5G is the next evolution in the mobile space. But realizing 5G cannot be achieved with the current centralized network architecture, according to Cherif Sleiman, VP of Europe, Middle East and Africa at IT automation and security firm Infoblox. Mobile network architecture must be altered, he said, by pushing services and intelligence security to the edge of the network rather than the core.
The 5th Generation mobile network, scheduled for commercial release by 2020 in some countries, promises more bandwidth, more capacity and lower latency. With these features, 5G will enable users to send and receive information at much higher speeds, and experience content in a more audio-visual fashion.
But 5G cannot be realized with the current network architecture because it's too centralized, according to Cherif. With 5G promising unprecedented speeds, telecom network architecture
has to change. In an on-demand world, even minor delays in response times can lead to losses in productivity, customer satisfaction and sales.
"In a 5G network, what's going to happen is that the connectivity process of sending and receiving information via a device will no longer be centralized, meaning information won't need to be sent through the network core to get security treatment, DNS (domain name servers), etc., before it connects to the end-point," Cherif explained. This will all happen at the edge (next to the user).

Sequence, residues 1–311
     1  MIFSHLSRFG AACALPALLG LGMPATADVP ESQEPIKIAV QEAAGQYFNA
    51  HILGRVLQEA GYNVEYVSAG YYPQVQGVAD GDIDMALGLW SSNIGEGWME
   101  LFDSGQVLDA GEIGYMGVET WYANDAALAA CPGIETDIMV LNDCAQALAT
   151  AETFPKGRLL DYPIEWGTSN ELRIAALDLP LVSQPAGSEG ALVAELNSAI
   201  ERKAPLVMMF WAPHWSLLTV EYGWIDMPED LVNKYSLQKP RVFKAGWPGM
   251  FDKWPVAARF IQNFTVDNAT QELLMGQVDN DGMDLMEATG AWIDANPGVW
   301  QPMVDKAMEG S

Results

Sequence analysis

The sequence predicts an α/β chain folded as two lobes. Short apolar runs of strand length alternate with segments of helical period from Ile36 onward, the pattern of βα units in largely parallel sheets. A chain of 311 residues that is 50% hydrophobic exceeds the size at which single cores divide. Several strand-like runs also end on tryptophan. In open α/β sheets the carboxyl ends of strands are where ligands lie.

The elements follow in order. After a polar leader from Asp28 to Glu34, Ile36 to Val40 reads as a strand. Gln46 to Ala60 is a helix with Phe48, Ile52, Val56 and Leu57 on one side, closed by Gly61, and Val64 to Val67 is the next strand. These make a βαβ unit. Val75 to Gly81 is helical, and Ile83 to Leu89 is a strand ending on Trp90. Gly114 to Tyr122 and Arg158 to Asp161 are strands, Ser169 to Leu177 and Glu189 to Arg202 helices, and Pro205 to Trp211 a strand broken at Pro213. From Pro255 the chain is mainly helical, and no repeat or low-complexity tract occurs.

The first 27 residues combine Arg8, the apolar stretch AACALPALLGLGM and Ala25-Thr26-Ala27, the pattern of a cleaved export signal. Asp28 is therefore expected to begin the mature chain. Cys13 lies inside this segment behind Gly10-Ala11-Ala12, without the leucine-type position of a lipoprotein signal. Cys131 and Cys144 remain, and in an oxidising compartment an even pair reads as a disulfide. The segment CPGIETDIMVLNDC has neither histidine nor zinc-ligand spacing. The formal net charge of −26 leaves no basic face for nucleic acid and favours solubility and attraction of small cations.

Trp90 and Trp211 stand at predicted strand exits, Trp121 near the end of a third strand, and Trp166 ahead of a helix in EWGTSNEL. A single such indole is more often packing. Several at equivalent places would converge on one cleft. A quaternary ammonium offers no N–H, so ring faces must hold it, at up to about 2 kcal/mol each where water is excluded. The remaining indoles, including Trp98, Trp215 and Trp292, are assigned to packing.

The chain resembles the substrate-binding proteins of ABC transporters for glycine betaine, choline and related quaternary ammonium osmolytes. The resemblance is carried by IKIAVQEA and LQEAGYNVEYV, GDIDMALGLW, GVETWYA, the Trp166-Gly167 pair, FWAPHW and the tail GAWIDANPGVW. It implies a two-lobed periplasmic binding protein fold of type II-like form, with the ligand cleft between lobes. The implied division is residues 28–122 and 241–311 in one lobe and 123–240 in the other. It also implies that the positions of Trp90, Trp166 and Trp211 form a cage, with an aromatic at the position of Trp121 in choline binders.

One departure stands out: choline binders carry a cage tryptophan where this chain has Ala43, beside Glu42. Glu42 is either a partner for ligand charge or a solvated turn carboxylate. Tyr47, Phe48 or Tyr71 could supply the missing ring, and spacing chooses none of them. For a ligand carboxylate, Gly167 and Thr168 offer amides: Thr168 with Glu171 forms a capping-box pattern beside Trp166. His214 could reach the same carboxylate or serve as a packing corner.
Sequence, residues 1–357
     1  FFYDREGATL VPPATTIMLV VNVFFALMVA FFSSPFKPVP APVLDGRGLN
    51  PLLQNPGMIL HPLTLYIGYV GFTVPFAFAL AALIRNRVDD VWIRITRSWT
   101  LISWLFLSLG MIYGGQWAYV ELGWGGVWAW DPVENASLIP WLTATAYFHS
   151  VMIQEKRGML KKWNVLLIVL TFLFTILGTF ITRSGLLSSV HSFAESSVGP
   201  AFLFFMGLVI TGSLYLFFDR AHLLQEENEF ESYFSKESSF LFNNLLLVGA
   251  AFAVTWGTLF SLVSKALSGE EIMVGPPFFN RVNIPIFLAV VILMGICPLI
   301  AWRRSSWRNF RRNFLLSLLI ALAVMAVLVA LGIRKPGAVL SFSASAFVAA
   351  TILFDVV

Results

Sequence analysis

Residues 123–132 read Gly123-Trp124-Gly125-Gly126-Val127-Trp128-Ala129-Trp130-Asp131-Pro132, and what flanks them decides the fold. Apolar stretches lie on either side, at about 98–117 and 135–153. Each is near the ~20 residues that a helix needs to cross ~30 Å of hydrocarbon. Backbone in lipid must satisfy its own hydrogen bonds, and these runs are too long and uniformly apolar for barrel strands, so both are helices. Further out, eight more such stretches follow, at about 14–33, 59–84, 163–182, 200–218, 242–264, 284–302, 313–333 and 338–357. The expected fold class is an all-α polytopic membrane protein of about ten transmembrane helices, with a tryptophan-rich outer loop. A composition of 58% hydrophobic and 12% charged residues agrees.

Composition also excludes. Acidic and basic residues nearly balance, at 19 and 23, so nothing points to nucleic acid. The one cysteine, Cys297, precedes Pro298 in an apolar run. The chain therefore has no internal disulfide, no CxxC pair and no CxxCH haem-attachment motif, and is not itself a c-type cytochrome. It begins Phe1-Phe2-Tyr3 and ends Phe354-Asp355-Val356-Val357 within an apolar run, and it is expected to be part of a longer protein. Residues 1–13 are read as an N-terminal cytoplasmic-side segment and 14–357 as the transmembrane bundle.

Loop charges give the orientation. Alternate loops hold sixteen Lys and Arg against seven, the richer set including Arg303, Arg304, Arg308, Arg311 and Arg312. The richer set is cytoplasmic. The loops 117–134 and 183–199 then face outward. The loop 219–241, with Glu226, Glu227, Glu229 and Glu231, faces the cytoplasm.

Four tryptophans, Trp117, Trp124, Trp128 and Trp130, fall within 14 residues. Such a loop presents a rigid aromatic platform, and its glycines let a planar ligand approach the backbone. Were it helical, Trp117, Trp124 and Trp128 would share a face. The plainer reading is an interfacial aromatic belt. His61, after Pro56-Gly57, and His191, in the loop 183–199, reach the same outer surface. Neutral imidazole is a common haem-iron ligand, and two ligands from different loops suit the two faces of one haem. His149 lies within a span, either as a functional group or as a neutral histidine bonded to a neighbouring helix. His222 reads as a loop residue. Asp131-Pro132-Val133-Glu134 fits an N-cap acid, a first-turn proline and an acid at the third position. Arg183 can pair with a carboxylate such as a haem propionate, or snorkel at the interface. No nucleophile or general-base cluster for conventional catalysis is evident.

Why does this need to happen? Because low latency is essential for seamless connectivity and it's defined by how fast information can be sent through the network core to the end-point, and then back to the user. DNS, for instance, constitutes 35 percent of latency in the user experience, according to Cherif, so it makes sense for it to be closer to the user at the edge rather than at the core.
However, DNS is constantly being attacked. According to the 2017 Global DNS Threat Survey Report from EfficientIP, 76 percent of all respondents said they were subject to at least one DNS attack in the last 12 months, with 28 percent suffering data theft. Therefore, if you move DNS to the edge, you need to move the security for it as well. That's why everything needs to move to the edge.
"You also need application awareness intelligence at the edge," said Cherif. "You want the high availability and the application awareness to move to the edge because you want DNS to intelligently route you to the closest and available service. All the intelligence decisions need to be made at the edge for a seamless process."
For 17 years, Infoblox has been the market leader for core network services, including DNS. To a large degree, networks are only as resilient as DNS, because this system plays such a central role in connecting user, devices and applications.
Embracing SDN & NFV
Intelligence services like DNS, application awareness and security all need to move away from the core of network to the edge for 5G to fully materialize, Cherif emphasized. But also just as important, he said, is for network architecture to embrace Network Functions Virtualization (NFV) and Software Defined Networking (SDN).